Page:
What’s in a name?

Last week, while walking with my family around the neighborhood, we passed by the elementary school, with a yard sign out front. A church was renting the space on Sunday.

“Oasis of Love Family Church.”IMG_0384

I kind of cringed at the name while I snapped a picture. For one, “Oasis of Love” sounds kind of funny. If I moved to Nevada and opened a brothel, I might call it “Oasis of Love.”

But even more so, I cringed at the second part of the name, “Family Church.”

There were lots of things this church could’ve done. They could have used just the word “church.” They might have paired it with the word “community.” They may have called their church a “worship center.”

But of all the choices they had, they used those specific words. And in so doing, they illustrated what many of our churches are guilty of, a guilt that I thought about while I walked home with my new little family…

…Our churches have made an idol out of family.

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Life is full of first days.

This week, most of our kids will have another first day of school, if they haven’t already.

And there is a reason that many schools put the first day of school in the middle of the week. First days are hard. 

I remember being especially nervous for my first day of fourth grade. I don’t know why. It just seemed like a new tier in life and I wasn’t sure I was prepared, though I was always an enthusiastic student. But I distinctly remember about halfway through the day, looking around my new classroom, the place where I would spend my days for the next nine months and believing that things were going to be okay.

And they were okay. I had a wonderful teacher and a great year.

What I have realized as a teacher is that first days are hard on our end too. I’ve had around 27 or so first days of school over my lifetime, as a student and a teacher. The teachers are nervous too. Most of us showed up before in-service to get ready.

The thing about first days is they don’t stop. There are first days of school, first days on the new baseball team, and more general first days, like first days in a new town, first dates, first days of marriage, first days on the job, first days of parenthood, first days of retirement.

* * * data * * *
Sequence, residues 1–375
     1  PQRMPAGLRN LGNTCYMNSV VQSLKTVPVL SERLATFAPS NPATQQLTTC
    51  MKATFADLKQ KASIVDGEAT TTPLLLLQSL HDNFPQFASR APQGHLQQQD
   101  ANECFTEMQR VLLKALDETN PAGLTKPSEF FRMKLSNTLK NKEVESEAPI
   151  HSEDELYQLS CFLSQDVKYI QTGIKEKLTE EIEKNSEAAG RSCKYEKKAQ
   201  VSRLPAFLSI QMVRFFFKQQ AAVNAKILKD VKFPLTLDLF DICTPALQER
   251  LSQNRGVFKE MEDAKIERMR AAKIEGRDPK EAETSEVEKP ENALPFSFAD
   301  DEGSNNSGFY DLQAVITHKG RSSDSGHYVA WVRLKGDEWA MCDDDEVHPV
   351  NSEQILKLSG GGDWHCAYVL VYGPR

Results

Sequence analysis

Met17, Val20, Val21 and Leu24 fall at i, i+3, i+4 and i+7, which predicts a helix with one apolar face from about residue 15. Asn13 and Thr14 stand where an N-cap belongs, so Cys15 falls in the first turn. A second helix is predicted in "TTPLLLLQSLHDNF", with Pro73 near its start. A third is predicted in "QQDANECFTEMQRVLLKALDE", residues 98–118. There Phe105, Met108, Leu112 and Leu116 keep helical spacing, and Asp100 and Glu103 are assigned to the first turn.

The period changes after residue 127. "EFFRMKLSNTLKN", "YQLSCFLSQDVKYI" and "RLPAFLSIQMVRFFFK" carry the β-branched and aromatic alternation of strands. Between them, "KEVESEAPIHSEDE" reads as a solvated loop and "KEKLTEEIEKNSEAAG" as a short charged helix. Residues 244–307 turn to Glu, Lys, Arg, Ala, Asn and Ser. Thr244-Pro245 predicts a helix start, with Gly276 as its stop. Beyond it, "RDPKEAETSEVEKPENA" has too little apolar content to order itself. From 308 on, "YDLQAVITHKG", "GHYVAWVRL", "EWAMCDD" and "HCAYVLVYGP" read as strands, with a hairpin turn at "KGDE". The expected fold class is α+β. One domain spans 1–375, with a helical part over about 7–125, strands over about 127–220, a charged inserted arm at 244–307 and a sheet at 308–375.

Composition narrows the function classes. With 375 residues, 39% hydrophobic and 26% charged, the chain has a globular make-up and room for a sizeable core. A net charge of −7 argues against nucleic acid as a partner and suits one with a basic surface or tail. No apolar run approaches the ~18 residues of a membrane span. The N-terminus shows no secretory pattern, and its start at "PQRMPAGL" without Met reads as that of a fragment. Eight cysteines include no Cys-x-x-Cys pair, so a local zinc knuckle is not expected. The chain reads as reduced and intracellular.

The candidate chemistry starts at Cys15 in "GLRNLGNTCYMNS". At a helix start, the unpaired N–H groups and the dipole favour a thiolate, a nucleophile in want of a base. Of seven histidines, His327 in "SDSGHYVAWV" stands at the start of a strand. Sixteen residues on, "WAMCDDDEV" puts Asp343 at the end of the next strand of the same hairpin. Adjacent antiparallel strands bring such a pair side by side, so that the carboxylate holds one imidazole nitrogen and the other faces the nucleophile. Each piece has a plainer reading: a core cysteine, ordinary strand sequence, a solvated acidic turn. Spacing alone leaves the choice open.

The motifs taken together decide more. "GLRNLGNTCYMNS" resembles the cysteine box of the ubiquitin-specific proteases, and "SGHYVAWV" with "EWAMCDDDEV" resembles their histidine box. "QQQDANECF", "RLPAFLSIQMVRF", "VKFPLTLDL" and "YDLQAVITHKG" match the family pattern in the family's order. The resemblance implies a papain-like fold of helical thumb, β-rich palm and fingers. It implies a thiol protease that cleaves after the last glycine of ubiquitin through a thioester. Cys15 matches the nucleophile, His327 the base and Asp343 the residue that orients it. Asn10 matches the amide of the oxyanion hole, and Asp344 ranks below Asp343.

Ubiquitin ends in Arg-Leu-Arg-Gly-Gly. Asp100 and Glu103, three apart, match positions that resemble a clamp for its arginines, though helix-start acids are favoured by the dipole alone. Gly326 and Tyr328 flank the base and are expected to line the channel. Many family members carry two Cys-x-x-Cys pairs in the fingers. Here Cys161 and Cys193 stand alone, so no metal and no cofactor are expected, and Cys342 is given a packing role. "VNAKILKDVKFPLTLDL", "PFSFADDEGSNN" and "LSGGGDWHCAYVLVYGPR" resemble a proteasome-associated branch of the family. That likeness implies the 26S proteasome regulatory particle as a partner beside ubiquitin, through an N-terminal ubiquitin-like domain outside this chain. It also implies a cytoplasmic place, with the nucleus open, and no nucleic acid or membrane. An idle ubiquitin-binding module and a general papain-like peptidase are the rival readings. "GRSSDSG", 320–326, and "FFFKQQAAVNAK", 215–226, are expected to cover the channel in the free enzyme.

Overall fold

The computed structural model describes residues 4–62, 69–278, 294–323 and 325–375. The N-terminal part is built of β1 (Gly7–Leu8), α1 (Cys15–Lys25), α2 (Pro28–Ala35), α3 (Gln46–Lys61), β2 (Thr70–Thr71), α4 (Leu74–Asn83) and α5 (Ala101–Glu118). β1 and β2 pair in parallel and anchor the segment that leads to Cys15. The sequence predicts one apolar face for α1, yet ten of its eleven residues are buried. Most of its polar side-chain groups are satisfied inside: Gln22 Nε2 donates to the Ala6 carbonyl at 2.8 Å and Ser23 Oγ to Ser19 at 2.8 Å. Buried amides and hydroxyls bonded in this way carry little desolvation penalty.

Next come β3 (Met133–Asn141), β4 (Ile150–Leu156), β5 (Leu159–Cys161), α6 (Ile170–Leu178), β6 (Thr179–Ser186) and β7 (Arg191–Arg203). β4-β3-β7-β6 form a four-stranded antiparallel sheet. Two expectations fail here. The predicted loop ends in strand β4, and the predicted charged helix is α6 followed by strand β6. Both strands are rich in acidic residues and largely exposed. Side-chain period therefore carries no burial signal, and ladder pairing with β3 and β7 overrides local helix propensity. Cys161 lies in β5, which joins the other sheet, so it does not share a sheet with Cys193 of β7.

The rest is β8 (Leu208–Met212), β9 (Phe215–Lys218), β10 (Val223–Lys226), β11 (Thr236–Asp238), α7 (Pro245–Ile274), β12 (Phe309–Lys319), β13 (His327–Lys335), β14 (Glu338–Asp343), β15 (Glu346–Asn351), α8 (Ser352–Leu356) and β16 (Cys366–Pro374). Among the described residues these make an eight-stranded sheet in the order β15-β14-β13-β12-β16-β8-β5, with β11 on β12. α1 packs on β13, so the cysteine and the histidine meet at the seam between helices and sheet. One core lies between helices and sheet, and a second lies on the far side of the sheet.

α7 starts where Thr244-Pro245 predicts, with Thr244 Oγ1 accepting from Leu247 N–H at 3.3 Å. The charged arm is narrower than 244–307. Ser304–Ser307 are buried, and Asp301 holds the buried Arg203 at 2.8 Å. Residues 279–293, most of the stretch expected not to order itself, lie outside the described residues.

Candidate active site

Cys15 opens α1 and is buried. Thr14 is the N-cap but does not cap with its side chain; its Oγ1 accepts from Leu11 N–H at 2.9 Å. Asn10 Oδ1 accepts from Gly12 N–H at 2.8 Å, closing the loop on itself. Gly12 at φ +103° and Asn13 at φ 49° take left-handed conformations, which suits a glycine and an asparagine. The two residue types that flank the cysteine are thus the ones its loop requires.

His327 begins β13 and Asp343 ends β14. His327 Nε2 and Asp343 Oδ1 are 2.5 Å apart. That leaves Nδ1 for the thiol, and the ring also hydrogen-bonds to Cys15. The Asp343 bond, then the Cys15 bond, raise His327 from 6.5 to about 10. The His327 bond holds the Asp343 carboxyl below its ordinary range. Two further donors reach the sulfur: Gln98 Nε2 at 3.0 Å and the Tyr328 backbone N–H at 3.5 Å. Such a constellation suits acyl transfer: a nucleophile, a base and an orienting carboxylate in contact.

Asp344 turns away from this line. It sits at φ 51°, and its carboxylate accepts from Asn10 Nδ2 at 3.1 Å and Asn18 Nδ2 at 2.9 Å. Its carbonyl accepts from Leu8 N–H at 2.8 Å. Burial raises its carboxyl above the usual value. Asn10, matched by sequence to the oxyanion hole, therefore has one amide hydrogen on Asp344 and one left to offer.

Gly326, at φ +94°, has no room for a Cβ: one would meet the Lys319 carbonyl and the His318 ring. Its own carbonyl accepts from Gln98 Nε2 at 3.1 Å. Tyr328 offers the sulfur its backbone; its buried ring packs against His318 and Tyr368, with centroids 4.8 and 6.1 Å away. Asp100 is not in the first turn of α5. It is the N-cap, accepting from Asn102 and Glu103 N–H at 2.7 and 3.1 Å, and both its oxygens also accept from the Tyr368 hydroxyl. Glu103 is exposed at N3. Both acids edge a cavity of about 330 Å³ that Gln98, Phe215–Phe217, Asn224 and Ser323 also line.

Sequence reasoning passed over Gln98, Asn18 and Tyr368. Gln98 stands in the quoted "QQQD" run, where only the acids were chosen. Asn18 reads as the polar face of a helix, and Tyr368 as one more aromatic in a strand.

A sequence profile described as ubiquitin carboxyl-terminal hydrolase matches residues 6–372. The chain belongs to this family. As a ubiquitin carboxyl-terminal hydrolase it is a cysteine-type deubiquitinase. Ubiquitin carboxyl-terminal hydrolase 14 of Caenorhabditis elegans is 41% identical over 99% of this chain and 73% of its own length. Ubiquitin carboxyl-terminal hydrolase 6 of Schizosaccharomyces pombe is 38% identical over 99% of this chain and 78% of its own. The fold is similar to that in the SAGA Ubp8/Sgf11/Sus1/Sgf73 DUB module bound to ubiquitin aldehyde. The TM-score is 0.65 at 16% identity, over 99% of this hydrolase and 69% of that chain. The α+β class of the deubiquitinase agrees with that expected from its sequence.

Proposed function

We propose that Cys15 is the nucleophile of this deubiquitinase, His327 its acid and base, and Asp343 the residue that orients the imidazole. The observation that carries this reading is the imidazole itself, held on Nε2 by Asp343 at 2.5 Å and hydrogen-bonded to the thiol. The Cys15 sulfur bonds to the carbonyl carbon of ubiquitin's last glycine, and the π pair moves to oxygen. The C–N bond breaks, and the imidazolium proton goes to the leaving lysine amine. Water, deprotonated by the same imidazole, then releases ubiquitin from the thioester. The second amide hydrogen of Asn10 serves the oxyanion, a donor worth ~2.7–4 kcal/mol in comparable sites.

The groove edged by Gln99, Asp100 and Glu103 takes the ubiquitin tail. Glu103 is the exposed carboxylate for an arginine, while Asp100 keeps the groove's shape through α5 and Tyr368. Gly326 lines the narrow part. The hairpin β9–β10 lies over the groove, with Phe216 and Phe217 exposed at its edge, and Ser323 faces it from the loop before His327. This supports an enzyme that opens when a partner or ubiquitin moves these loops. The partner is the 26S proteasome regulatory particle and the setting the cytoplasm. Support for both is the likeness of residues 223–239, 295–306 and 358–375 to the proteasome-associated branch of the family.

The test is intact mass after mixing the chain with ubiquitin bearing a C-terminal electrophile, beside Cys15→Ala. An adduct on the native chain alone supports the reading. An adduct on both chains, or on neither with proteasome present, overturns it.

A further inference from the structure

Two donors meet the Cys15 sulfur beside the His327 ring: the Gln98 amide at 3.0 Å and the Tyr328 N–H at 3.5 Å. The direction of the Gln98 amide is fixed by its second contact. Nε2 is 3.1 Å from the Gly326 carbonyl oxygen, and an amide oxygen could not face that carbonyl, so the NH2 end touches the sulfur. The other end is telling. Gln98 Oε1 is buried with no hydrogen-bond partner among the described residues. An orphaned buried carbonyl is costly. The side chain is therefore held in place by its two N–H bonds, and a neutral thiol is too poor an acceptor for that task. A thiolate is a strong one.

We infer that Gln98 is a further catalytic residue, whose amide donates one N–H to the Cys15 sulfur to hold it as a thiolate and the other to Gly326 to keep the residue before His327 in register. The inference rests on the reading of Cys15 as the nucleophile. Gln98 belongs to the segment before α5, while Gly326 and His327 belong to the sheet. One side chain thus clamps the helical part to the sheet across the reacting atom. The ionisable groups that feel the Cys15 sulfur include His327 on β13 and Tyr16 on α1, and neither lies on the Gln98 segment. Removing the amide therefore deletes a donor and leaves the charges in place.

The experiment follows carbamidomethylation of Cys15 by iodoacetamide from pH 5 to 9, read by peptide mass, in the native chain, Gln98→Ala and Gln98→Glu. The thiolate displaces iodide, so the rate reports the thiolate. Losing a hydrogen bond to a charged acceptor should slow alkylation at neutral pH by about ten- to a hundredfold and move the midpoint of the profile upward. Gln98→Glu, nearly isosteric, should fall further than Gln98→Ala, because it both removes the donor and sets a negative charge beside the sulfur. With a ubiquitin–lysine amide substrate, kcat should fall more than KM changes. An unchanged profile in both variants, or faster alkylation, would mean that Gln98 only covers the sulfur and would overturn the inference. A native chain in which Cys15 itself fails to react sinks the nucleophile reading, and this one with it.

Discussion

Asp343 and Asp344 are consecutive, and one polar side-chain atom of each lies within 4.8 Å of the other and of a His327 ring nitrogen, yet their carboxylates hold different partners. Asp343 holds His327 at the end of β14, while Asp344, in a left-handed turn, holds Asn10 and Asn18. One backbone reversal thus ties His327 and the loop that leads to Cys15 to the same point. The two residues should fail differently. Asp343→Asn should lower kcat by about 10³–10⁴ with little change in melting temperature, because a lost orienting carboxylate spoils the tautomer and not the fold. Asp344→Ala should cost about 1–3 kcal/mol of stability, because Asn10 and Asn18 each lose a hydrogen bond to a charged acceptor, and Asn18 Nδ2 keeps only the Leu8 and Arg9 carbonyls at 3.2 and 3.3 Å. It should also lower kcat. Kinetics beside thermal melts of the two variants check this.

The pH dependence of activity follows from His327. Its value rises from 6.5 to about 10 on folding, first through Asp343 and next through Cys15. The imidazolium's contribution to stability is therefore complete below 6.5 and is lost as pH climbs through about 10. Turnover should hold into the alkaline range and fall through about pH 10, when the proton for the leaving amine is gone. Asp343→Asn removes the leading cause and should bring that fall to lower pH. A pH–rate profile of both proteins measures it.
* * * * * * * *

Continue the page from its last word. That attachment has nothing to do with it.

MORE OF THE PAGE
I doubt that first days ever stop being a little intimidating. But first days of school are a great time to help our children grow in something…


It does take bravery to get on that school bus for the first time. It takes bravery to walk into a room with a stranger, to sit by new people and have no idea what the next year is going to look like.

But you and I all know something…It’s all going to be okay.

It’s going to be okay. Our kids will come home with smiles on their faces. They will have realized the same thing. It’s going to be okay. Their bravery paid off.


It might be the most enduring lesson we can give our children.

Bravery might be the quality that takes them furthest in life…even after fourth grade.


Read: “Building Sets” and “Crappy Building Sets”

When did we decide that blocks were for boys?

This week, you might be aware, that Target announced that it would soon be ridding its toy departments of gender specific signage and colors. Signs that read “building sets” and “girls’ building sets” will be henceforth eliminated.

There have been a lot of praises heaped on Target…and a lot of criticism. A lot of people who think Target has “caved to the PC crowd.” Plenty of people on Facebook claimed that they would be boycotting the store. Some parents even complained that Target was contributing to the “gender confusion” of children or trying “to turn them gay.”

At first, I really thought the move was unnecessary at best and silly at worst.

But the more I’ve thought about it, and the world I want my boy to grow up in, the more I think that it’s the right move.

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Today, I’m heading back to school.

In another week, the kids will show up, and until they do, teachers around the country will try to get ready. We will clean and decorate classrooms. We will make nametags. We will hang posters. If kids have elaborate first-day-of-school rituals, then teachers, even more so.

I have been having first days of school, practically my entire life, and really the excitement never stops. I know parents are excited to get the kids back in school. But my excitement is different. It’s not a relief that the summer is finally over. As teachers, we have the unique perspective of a fresh start every year. I think I’m actually more excited about this school year than I have been in the last couple of years.